پروپوزال آماده زبان انگلیسی
A Deleuzean Study of Samuel Beckett’s Three Plays: Krapp’s Last Tape, Not I, Endgame
Samuel Beckett (13 April 1906 – ۲۲ December 1989) is an outstanding Irish avant-garde novelist, playwright, theatre director, and poet, who lived in Paris for most of his adult life and wrote in both English and French. His work offers a bleak, tragicomic outlook on human nature, often coupled with black comedy and gallows humor. Beckett is widely regarded as among the most influential writers of the 20th century. He is considered one of the last modernists. As an inspiration to many later writers, he is also sometimes considered one of the first postmodernists. Furthermore, he is one of the key writers in the “Theatre of the Absurd“. Besides, Beckett’s work has extended the possibility of drama and fiction in unprecedented ways, bringing to the theater and the novel an acute awareness of the absurdity of human existence_ our desperate search for meaning, our individual isolation, and the gulf between our desires and the language in which they find expression. Beckett was awarded Croix de guerre (France), Medaille de Resistence (France), honorary doctorate from Trinity College (1959-Dublin), International Publishers’ Formentor Prize (1961), Foreign Honorary Member of the American Academy of Arts and Sciences (1968), and in 1969 Nobel Prize in Literature “for his writing, which—in new forms for the novel and drama—in the destitution of modern man acquires its elevation”. Beckett studied French, Italian, and English and he went to Paris while there, he was introduced to a renowned Irish author James Joyce. This meeting had a profound impact on the young man.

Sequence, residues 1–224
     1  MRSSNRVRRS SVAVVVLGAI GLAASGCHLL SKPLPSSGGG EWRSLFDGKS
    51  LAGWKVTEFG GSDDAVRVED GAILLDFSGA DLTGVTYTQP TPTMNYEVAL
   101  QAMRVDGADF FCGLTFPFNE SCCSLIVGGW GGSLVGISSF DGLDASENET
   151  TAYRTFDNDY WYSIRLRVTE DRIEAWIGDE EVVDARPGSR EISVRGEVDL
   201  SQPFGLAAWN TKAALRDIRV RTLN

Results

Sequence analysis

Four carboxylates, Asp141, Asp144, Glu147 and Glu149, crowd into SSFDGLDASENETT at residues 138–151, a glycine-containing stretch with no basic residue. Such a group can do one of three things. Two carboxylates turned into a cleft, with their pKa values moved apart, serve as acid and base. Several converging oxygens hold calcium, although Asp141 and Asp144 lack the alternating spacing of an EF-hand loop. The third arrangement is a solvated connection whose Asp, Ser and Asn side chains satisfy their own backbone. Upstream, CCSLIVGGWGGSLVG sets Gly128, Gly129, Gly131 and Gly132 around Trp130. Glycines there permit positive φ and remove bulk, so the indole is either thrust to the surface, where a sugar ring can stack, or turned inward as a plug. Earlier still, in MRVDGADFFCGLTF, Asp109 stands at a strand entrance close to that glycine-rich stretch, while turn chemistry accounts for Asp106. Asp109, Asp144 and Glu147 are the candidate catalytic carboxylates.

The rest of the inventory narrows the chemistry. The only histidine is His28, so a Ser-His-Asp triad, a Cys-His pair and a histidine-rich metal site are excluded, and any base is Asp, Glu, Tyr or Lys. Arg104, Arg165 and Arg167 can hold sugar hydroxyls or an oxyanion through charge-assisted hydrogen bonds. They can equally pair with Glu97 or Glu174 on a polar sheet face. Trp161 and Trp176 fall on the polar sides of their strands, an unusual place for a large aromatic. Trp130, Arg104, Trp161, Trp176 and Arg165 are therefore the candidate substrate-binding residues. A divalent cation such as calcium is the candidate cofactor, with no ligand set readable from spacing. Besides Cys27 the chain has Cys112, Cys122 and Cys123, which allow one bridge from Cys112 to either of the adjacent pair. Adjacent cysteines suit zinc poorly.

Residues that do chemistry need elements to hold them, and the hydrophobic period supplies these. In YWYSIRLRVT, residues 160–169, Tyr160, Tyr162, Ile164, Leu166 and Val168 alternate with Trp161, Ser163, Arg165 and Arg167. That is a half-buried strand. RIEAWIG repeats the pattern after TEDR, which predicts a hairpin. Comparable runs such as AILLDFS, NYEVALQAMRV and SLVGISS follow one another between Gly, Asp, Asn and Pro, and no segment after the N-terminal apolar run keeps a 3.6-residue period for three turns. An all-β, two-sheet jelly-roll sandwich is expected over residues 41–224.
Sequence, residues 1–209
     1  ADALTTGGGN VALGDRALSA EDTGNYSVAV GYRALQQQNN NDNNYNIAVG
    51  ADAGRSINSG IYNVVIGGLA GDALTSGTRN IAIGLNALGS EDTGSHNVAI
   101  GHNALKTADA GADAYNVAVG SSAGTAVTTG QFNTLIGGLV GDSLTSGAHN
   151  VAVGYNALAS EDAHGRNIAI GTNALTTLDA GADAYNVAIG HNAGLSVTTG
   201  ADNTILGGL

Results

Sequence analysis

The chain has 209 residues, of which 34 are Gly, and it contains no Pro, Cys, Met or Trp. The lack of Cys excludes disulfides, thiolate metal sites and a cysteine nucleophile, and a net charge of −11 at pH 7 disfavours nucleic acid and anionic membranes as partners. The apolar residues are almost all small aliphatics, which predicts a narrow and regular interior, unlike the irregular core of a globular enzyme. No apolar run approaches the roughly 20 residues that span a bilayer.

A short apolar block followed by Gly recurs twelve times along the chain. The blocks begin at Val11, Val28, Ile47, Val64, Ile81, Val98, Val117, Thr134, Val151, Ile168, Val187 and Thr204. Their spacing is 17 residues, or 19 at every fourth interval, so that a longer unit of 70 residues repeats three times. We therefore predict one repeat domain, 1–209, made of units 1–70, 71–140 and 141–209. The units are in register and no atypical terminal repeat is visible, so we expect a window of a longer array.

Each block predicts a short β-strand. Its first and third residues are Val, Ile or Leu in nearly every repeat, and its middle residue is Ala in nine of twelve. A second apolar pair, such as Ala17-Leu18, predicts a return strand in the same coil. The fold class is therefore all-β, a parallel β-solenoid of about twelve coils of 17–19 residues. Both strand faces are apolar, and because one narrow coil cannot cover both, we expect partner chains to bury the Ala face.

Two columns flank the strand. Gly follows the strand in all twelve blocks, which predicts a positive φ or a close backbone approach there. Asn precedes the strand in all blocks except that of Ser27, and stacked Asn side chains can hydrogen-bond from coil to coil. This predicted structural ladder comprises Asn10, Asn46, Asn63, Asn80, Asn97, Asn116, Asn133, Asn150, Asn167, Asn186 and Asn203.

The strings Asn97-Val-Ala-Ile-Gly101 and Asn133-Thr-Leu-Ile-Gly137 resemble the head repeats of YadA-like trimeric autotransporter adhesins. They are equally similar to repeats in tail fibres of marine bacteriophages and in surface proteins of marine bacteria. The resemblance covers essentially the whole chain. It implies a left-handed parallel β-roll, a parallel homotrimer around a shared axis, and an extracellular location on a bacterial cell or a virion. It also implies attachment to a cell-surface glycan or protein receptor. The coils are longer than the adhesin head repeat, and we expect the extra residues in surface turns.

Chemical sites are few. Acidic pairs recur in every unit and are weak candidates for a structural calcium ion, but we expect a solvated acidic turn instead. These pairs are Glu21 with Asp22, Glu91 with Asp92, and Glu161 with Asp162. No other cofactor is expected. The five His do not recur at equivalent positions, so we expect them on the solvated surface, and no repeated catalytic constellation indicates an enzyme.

Statement of the Problem
There would be no way one can merely claim that Beckett had Deleuze in mind while writing his three pieces, Krapp’s Last Tape, Not I, and Endgame. However, while reading these plays, as a researcher, one may come across the notion of process of becoming, what Deleuze frequently concentrates on in his revolutionizing theories. The process of becoming other than yourself and coming into the light of the new world in which there is no place for humanity to be there. Therefore, the researcher aims to examine the main characters in the mentioned works- Krapp, Ham, Clov, and the woman’s mouth- carefully to see if they can be positioned in such a process. Furthermore, she needs to make sure that she would not limit herself to finding traces of Deleuze’s becoming process in Becket’s male and female figures; rather it is necessary to expand the whole theory to other characters and events to examine the applicability of Deleuze’s theory to Becket’s theater. In the same way, the significance of the male and female figures’ function in these works should not be degraded as they are not excluded from Becket’s or Deleuze’s. On the contrary, they are to be appreciated in the newly born world of becoming.
Significance of the Problem
Approach and Methodology
Definition of Key Terms